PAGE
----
Welcome to Hyperion Records, an independent British classical label devoted to presenting high-quality recordings of music of all styles and from all periods from the twelfth century to the twenty-first.

Hyperion offers both CDs, and downloads in a number of formats. The site is also available in several languages.

Please use the dropdown buttons to set your preferred options, or use the checkbox to accept the defaults.

Click cover art to view larger version
Track(s) taken from CDA67807

Verbum caro

composer
12vv
author of text
John 1: 14, 3; Responsory for Christmas Day

King's College London Choir, The English Cornett and Sackbut Ensemble, David Trendell (conductor)
Recording details: May 2009
All Hallows, Gospel Oak, London, United Kingdom
Produced by Matthew O'Donovan
Engineered by Simon Eadon
Release date: April 2010
Total duration: 7 minutes 20 seconds

Cover artwork: The Burial of Count Orgaz, from a legend of 1323 (detail) (1586/8) by Doménikos Theotokópoulos (El Greco) (1541-1614)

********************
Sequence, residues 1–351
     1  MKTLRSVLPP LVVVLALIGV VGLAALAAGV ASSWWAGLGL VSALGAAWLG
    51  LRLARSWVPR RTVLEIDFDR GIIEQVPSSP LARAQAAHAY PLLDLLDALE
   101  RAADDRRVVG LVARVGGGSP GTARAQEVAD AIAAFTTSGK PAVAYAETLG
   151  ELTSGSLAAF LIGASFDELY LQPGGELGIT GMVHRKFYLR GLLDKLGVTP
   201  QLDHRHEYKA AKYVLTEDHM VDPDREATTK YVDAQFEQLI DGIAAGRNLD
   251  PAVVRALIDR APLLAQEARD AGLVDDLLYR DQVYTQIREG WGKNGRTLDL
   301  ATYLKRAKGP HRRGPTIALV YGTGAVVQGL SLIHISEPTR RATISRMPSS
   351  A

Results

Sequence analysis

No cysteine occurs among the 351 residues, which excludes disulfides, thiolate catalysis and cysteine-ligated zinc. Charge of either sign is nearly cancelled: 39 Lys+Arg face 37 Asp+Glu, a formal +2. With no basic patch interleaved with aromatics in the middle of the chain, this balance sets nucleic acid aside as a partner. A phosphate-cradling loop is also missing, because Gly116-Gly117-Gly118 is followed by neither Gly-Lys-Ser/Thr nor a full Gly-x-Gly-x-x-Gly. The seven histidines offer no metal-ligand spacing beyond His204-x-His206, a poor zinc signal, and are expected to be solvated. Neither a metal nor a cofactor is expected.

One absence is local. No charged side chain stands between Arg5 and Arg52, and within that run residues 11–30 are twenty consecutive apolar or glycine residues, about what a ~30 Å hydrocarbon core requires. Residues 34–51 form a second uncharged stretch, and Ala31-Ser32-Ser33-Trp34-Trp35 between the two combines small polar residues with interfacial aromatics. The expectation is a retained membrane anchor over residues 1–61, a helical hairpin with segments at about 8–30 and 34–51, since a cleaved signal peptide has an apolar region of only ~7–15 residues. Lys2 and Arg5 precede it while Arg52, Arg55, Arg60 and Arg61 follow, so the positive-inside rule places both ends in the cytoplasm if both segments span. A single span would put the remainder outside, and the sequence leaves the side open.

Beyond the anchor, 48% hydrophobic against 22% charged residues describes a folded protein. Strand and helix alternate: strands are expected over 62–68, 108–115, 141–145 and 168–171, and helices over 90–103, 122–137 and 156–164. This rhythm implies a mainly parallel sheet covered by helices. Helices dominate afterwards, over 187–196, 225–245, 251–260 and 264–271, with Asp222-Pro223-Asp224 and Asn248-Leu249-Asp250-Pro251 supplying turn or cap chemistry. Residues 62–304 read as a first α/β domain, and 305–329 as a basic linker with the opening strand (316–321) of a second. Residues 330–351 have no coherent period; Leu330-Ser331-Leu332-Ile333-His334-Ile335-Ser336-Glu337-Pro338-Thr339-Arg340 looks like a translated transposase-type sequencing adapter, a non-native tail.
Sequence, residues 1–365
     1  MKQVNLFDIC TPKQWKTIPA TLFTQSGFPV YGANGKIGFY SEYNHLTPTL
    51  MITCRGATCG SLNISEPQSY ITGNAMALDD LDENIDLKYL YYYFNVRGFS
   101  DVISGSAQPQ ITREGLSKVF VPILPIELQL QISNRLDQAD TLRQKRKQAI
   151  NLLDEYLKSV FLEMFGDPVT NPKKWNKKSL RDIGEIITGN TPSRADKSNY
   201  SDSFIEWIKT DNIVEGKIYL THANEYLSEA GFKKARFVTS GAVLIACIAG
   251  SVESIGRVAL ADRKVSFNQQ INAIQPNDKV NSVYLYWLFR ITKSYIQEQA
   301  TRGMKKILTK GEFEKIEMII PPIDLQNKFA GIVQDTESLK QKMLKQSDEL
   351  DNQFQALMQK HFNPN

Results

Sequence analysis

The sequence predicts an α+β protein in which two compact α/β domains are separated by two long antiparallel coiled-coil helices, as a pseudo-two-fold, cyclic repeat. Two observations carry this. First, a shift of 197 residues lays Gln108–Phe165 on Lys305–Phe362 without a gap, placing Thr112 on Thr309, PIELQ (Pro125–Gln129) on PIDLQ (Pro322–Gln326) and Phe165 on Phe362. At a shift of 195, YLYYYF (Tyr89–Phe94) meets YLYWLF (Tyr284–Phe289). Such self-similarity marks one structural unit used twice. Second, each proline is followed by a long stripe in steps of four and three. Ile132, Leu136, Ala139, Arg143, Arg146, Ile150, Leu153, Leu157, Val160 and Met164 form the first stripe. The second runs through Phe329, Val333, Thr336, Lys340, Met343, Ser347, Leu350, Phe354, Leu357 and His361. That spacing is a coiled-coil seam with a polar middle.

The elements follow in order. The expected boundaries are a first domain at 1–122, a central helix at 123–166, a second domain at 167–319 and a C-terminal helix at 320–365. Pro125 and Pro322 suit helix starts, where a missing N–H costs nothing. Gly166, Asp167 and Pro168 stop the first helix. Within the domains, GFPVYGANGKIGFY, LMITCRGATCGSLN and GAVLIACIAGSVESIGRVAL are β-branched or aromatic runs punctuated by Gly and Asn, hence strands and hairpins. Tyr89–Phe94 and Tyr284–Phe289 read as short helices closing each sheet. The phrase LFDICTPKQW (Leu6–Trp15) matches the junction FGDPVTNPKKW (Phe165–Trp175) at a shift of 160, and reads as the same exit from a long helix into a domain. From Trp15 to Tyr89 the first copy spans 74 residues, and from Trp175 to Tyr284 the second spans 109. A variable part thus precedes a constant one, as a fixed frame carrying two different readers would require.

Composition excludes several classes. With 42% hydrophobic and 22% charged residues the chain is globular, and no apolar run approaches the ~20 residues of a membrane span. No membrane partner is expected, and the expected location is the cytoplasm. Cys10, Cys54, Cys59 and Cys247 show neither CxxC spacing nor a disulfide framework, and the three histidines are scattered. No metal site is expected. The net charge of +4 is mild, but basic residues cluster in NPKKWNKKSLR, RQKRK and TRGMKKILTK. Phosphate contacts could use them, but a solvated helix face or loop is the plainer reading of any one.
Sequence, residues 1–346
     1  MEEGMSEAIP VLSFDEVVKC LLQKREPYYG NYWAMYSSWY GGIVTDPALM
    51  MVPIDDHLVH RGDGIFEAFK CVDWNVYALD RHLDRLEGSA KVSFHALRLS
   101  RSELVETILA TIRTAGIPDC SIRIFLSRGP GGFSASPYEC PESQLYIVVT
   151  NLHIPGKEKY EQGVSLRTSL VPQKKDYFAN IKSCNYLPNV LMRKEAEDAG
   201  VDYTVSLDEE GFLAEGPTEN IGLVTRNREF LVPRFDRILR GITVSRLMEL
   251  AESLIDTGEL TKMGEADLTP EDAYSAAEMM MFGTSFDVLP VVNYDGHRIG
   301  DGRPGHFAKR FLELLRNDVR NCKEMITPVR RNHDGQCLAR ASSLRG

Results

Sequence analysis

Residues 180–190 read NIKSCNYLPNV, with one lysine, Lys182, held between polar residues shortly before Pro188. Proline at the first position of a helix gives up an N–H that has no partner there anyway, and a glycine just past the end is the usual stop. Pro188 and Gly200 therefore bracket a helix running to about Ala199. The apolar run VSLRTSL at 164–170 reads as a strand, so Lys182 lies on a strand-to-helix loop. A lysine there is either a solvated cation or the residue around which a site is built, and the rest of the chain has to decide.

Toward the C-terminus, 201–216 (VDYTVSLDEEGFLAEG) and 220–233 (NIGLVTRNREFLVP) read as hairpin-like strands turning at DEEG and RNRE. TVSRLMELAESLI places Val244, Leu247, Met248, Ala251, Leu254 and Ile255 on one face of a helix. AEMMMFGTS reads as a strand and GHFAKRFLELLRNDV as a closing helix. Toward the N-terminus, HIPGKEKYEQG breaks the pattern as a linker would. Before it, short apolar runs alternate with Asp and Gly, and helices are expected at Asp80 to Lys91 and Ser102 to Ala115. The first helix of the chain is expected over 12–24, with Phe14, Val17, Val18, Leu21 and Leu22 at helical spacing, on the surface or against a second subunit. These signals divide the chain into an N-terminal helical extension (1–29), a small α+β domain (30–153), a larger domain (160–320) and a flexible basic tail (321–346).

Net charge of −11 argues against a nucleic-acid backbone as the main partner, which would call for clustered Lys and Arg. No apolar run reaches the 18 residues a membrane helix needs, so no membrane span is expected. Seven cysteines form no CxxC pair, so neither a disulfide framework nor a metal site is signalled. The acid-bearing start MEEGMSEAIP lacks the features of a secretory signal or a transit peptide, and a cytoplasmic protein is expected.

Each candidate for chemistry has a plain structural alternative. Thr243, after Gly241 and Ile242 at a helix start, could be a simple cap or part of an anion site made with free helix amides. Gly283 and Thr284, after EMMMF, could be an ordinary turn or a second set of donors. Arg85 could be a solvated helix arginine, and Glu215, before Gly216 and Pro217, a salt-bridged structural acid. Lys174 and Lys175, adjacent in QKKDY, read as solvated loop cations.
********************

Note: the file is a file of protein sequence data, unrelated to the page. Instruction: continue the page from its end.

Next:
Santo Tomé, Spain / Bridgeman Art Library, London
 
1
Verbum caro  [7'20]

Other recordings available for download

Magnificat, His Majestys Sagbutts & Cornetts, Philip Cave (conductor)
The responsories Verbum caro factum est and Videntes stellam magi, composed for Christmas Day and Epiphany respectively, are both scored for twelve voices. They follow a similar pattern, making much of antiphonal effects between the three choirs, and contrasted with thrilling tutti passages. In both pieces, a harp is specified as continuo instrument for the first choir, and some parts are untexted in the original, suggesting instrumental participation. The construction of the three magnificent organs in the Basilica at El Escorial was completed in 1590, and perhaps these grand triple-choir pieces may have featured all three instruments. Both works share a similar layout: Choir 1 begins with a rather gentle statement in slow notes, then Choirs 2 and 3 enter with more lively material. Thereafter, short phrases are exchanged in rhythmical, chordal blocks—a technique that was to continue to develop in 17th-century Spanish music.

from notes by Philip Cave © 2010

Other albums featuring this work

Rogier: Missa Domine Dominus noster & Missa Domine in virtute tua
Studio Master: CKD348Download onlyStudio Master FLAC & ALAC downloads available
Search

There are no matching records. Please try again.